What happens if you don’t let kids watch TV?
I find the issue of whether young kids should watch TV a fascinating one because most people fall into one of two camps. So they either believe TV is evil and corrupts children, OR they think kids who don’t watch TV might get left out of playground games, or miss out on popular culture.
Me? I’m somewhere in the middle. My child didn’t watch television until a little after her fifth birthday.
Our child didn’t watch TV until she was 5
But here’s the thing: I never set out for Flea not to watch television. I’m not one of those parents who will only feed their child organic Quinoa and ethically-sourced dried fruits. Honestly, I’ve nothing against the odd packet of chocolate buttons. I’m normal (relatively speaking).
It just happened.
When Flea was born, I had to go back to work very quickly, because my (then) husband and I were both self-employed. Rather than put a 9-week-old baby into childcare, we hired a part-time nanny who looked after Flea for three days a week.
Of course, the nanny NEVER watched television because she was being paid to entertain my child and divert her with enriching activities and educational trips out.
I had two days off each week to spend with Flea and I wanted to make the most of that time with my baby. So on Thursdays we went to a baby swimming class, and afterwards we’d head to the park with the other parents for lunch, then an afternoon play. On a Friday we tended to meet up with NCT friends for lunch and playdates. We spent the weekends as a family, doing the usual grocery shopping and dog walks. Oh, and exploring many of the Sussex pub gardens, as I recall.
It just so happened that we got to Flea’s first birthday and she’d never watched television. And it didn’t seem like it was particularly worth my while introducing it at that point.
People find this strange
But it’s interesting how often people like me are asked to justify or explain why we don’t let kids watch TV. It wouldn’t occur to me to say to someone, “So, Samuel watches In the Night Garden every day. Do you think that’s wise?”
But people think not letting kids watch TV is somehow overly strict, or based on some judgemental idea of other people’s parenting. Let me be clear – we didn’t let our child watch TV in our house, but our position on other people’s houses was simple. I would simply say: “All families are different, and Joe’s parents watch TV but we don’t.”
If the television was on when we visited a friend’s house, then that was fine. If my elderly parents were looking after Flea and wanted to let her watch In the Night Garden while they took a break, that was fine too. I didn’t want TV to be this terrible, forbidden thing. It was just something that wasn’t really part of our everyday family life.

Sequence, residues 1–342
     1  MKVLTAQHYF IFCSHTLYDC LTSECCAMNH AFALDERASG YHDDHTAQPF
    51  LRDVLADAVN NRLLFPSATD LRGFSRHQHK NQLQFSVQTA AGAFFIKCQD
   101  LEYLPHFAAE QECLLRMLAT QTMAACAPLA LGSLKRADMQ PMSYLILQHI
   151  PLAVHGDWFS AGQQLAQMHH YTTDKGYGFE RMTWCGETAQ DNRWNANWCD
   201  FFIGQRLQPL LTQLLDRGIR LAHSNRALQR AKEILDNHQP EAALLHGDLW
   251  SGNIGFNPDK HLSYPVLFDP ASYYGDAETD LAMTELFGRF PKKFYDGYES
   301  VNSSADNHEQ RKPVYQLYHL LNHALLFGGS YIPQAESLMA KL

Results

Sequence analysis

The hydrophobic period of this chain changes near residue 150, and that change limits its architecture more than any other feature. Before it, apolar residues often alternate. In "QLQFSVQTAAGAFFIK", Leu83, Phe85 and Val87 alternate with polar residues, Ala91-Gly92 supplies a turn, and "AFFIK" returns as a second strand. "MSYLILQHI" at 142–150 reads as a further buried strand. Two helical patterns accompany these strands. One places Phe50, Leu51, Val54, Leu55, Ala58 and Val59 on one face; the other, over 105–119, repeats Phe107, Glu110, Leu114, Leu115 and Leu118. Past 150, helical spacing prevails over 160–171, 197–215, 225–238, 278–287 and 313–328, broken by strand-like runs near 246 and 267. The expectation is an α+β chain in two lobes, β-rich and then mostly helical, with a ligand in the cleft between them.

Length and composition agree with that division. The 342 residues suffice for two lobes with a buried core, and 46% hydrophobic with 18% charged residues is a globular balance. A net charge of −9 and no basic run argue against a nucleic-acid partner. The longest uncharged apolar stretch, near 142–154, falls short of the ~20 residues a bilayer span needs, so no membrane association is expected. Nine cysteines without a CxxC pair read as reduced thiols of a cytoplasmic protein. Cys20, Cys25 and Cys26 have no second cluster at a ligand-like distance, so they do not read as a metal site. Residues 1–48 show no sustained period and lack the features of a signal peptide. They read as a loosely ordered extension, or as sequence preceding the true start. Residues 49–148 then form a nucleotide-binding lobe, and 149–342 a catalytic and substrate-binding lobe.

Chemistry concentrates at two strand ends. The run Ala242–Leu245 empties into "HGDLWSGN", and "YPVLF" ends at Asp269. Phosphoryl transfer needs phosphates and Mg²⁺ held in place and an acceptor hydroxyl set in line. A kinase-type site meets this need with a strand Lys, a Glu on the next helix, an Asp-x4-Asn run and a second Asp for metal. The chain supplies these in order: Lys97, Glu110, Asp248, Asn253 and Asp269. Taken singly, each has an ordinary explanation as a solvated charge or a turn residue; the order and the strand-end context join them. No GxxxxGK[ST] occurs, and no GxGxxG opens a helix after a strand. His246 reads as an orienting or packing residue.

Pros of not letting kids watch TV
For me, the fact that Flea didn’t watch TV had a lot of benefits.
When we were out shopping, Flea didn’t nag for branded clothes/food/comics in the supermarket. She developed the ability to make a game out of almost anything, and entertain herself for several hours at a time, without me needing to be too involved. She was much more likely to chatter to me while she was playing – she didn’t slip into the ‘telly trance’ that so many of us do when we’re watching something.
I didn’t have to drag Flea away from TV shows to have dinner or tidy something away. It wasn’t a case of waiting for a show to be over before I can organise bedtime or get us ready to go out.
But most importantly of all – our policy meant I didn’t have to watch kids TV. I really, really hate kids TV. Not proper kids telly like Stig of the Dump and Press Gang, of course. But that sort of TV that someone somewhere once thought was a good idea to invent for under 5s. You know, things like Teletubbies and Tweenies and Waybuloo, which Papa et Piaf brilliantly described as “computer-generated cuddly toys doing yoga and speaking
about feelings in what some coke-addled media graduate imagines to be baby talk“.
Watching that stuff is like Chinese water torture for me. If we visit friends, and the TV is on, I have to stop myself from gnawing the sofa in frustration. Let me tell you: Justin from Mister Tumble is NOT “weirdly attractive”. He just looks attractive in comparison to those two weirdos from Big Cook, Little Cook. And the day you find yourself eyeing up Mister Maker is when you, too, should turn off the television. For your own good.
Cons of not letting kids watch TV
Honestly, I can’t there were any real downsides to Flea not watching television as a toddler.
The only criticism we got was when Flea started school and the teacher told me that Flea was the only child in the class who couldn’t use a remote control or a computer mouse. As though we had somehow failed our child in her development.
But kids catch up. Flea started watching movies on DVDs when she was almost five, and after she started school, sometimes she would watch TV for an hour after school. I figured after a long day of learning new things, a little time to chill out and be entertained passively was no bad thing.
Ultimately, Flea suffered no ill-effects from not watching TV. I believe she developed her reading and imagination more quickly without television, and it definitely helped with her focus and concentration. And as a now parent to a teenager, let me assure you she is more than adept at using a remote control.
What do you think? Do you think we should let kids watch TV? Or do you think it’s better for them (and you) to keep it off the menu?